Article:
Michael Turner: One of the best 5th round draft picks in recent history.
(This is the continuation of a series that refuses to abide by the Mel Kiper/Todd McShay exclusivity approach to the draft and is examining possible talent that won’t be taken in round one of the 2011 NFL Draft starting tonight at 8pm EST on ESPN. So far, I’ve covered rounds two, three and four and will continue until Saturday looking at rounds six and seven.)
As the fifth round begins and the draft sinks deeper and deeper into respective team's “big boards,” the various patterns become clearer. Many of the basic needs for a team stocked with a normal amount of draft picks are filled already.
At this point, the general goal for remaining draft picks is to be able to contribute to a team in some way, shape or form. That could mean a special teams player, or possibly someone with a specialized skill set (like kick returner).
Conversely, there is also the appeal of someone who can fulfill many different roles (a linebacker who can play inside or outside, or a lineman who can play at tackle or guard for example).
Yet the continued theme of later rounds has always been this: solid fifth round picks who become starters emerge from situations where their talent was obscured to most scouts. (And sometimes even the scouts who like them still don’t realize the extent of their find).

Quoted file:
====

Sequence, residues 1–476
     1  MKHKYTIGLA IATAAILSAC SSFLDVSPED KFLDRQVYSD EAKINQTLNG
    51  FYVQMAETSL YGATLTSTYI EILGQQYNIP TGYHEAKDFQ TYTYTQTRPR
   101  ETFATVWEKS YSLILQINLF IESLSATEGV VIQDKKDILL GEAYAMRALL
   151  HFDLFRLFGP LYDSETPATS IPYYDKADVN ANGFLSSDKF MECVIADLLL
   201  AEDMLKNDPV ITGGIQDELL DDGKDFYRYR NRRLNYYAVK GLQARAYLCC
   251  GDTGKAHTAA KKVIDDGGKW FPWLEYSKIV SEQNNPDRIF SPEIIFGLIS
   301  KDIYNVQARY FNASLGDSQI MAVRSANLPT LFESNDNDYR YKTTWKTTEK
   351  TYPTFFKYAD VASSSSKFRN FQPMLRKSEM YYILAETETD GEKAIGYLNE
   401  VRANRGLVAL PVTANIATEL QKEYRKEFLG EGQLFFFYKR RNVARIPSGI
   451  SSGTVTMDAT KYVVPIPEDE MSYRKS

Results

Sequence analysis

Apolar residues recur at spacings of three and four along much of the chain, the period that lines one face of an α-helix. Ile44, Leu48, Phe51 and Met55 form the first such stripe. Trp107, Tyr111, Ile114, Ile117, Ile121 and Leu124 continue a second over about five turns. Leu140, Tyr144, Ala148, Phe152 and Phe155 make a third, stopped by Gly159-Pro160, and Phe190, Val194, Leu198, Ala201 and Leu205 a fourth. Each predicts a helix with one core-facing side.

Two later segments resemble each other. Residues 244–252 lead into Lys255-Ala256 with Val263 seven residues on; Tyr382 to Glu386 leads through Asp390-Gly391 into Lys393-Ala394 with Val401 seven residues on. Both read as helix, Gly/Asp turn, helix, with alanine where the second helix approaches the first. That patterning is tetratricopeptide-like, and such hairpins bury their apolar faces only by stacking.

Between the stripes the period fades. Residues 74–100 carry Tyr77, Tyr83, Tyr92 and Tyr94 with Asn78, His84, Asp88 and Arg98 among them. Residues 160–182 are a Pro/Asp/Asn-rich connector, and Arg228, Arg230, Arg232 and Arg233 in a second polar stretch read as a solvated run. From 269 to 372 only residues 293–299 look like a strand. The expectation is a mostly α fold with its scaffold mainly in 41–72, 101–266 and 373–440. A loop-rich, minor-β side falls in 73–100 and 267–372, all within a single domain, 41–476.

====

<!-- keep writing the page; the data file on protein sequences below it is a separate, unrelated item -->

Look at players like Michael Turner (drafted in the fifth by San Diego), or Dwight Freeney’s partner in crime, Robert Mathis, in Indianapolis.
Both of those players (who any NFL team would covet), were left till the fifth round for a reason. Turner was considered too slow and Mathis too small.
Trust me when I say there are guys like that in this year’s draft.
As Bill Parcells pointed out two nights ago in his ESPN draft special with Mike Tirico (which was awesome by the way), the fullback position has been a dying breed for the last few decades. Ever since the tailback emerged as the focal point of the running game, fullbacks have become ever more overshadowed.
That said, lead blockers are still a necessity in the day and age where margins of victory are decided many times on key fourth and goals or critical situations where an offense only needs one yard (sometimes less).
Owen Marecic is the man you want lead-blocking in those moments. He’s often been described as an "old school" player because he played both fullback and linebacker at various points for Stanford.
Probably the best thing Marecic has going for him is his competiveness. He’s never left wanting when called upon to initiate contact, even if he’s a little smaller than the ideal man in his position.
Nevertheless, he would be a great pick at this point because you know, at the very least, Marecic will work harder than the next man.
Korey Lindsey, CB, Southern Illinois
Covering the third/slot receivers has become a serious priority in the NFL. People like Wes Welker and Austin Collie are starters who relish playing inside against a defense’s Nickel cornerback. In response, defenses are trying to get deeper at the cornerback position.
Taking Southern Illinois standout Korey Lindsey would be a smart pick by any team in the fifth round. Though not blessed with exceptional quickness, Lindsey has proven he can cover the other team’s best receiver on a consistent basis as a three year college starter.